Contributors defend devotional book asking God for help to 'hate white people'

Ariel Gonzalez Bovat/Twitter
Ariel Gonzalez Bovat/Twitter

Contributors to a devotional book featuring a prayer that asks God for help to "hate white people" have come to the author's defense, saying people are missing the full context of the piece. 

Screenshots of the devotional book A Rhythm of Prayer: A Collection of Meditations for Renewal were posted online last week by users who objected to the inclusion of a prayer titled "Prayer of a Weary Black Woman" by Chanequa Walker-Barnes, a professor of practical theology at Mercer University. 

"Dear God, Please help me to hate White people. Or at least to want to hate them. At least, I want to stop caring about them, individually and collectively. I want to stop caring about their misguided, racist souls, to stop believing that they can be better, that they can stop being racist," the passage read.

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Walker-Barnes is described in her bio as "a clinical psychologist, public theologian, and ecumenical minister whose work focuses upon healing the legacies of racial and gender oppression."

The genesis of much of the pushback against the book appears to have started with a Twitter post by Ryan McAllister, an evangelical pastor from Alexandria, Virginia, who shared images of passages from the book that one of his parishioners had taken at Target, where the book is being sold. The prayers, he said, are "completely anti-biblical" and a direct influence of critical race theory. 

Ariel Gonzalez Bovat, who describes herself on Twitter as a counselor and theologian, added: "It’s a travesty this kind of writing comes from a former clinical psychologist turned 'ordained minister.' Under no context should these words be an acceptable method of expression for professing Christians."

Upon discovering that excerpts of her book were circulating online, Walker-Barnes defended her writing.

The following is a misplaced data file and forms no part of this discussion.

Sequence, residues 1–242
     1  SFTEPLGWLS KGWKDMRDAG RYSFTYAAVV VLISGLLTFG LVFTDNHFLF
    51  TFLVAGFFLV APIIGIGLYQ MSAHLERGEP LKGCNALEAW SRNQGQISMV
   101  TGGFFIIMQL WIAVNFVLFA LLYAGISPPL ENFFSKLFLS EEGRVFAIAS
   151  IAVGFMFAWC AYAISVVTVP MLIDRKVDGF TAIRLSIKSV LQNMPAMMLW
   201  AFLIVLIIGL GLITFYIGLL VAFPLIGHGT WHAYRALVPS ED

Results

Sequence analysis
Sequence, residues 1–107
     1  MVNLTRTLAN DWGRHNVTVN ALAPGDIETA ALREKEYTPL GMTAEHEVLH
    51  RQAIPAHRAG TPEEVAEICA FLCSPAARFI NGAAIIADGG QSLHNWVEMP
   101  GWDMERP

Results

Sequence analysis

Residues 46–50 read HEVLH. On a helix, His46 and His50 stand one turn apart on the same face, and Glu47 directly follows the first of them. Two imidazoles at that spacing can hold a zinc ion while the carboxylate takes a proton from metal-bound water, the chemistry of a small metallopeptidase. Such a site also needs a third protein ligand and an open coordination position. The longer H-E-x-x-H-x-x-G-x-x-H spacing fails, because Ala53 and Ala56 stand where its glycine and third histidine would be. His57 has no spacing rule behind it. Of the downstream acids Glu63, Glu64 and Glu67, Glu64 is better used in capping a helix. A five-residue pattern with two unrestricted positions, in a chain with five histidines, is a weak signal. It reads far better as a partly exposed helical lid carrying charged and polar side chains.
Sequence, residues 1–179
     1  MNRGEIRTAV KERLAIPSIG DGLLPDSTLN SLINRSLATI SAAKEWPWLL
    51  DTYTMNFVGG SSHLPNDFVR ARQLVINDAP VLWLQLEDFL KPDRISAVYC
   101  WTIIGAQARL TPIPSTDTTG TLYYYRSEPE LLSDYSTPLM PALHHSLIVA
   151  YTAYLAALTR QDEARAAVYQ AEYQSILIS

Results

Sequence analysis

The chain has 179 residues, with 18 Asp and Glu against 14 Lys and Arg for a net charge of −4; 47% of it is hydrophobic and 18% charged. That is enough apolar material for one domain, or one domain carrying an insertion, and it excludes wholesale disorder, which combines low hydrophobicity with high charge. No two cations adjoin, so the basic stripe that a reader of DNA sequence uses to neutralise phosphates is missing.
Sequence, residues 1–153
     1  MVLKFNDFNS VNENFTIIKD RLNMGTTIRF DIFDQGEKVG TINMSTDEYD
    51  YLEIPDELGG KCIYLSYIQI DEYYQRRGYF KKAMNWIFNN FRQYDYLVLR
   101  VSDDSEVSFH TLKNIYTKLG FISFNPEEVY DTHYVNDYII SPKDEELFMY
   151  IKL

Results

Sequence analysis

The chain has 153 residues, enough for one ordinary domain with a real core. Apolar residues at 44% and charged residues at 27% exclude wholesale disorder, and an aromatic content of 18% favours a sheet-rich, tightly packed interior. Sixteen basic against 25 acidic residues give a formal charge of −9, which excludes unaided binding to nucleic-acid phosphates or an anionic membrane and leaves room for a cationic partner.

"I took my rage to God in prayer. I owned it. I was truthful to God about what I was struggling with. And I prayed for God not to let anger and hatred overwhelm me," she said in an April 5 tweet

"I prayed to be true to the biblical mandate for peace, justice, & reconciliation even though I don't think it's possible." 

She further explained in a subsequent blog post that she had been relentlessly harassed, that conservatives were targeting her and those who criticized her words were misrepresenting her and others who do "intersectional justice work."

"In all truth, my familial and personal experiences of racism have given me thousands, maybe even millions, of reasons to hate White people. It could easily be seen as justified. And I could find biblical precedent for it," she wrote. 

Contributors to the devotional book, edited by progressive author Sarah Bessey, also defended the prayer in a statement released Thursday.

While some might consider the request to God for help to hate white people "to be a provocative start to a prayer, its intentional extraction from the rest of the prayer obscures its context and the biblical model it is based on," the statement said. 

Walker-Barnes was "bringing her weariness and her anger over the real sin of racism to God. In what is a clear moment of deep grief, she is talking intimately with her God about her exhaustion, her longing to simply not care anymore. We are given a vulnerable glimpse of her lament, her suffering, her weariness at the call to love her neighbours even when they oppress and marginalize her as a Black woman," they added. 

In her Twitter thread, Walker-Barnes stated that she is "one generation removed from sharecropping" and wrote that prayer "after a White person ... dropped the N-word in a casual conversation."

"When my grandfather was 7, he & his dad escaped from their SC sharecropping farm in the middle of the night. They ran away to FL. In the 1900s, y’all, they had to escape under the cover of darkness!" she wrote. "These are the stories I’ve grown up with my whole life."

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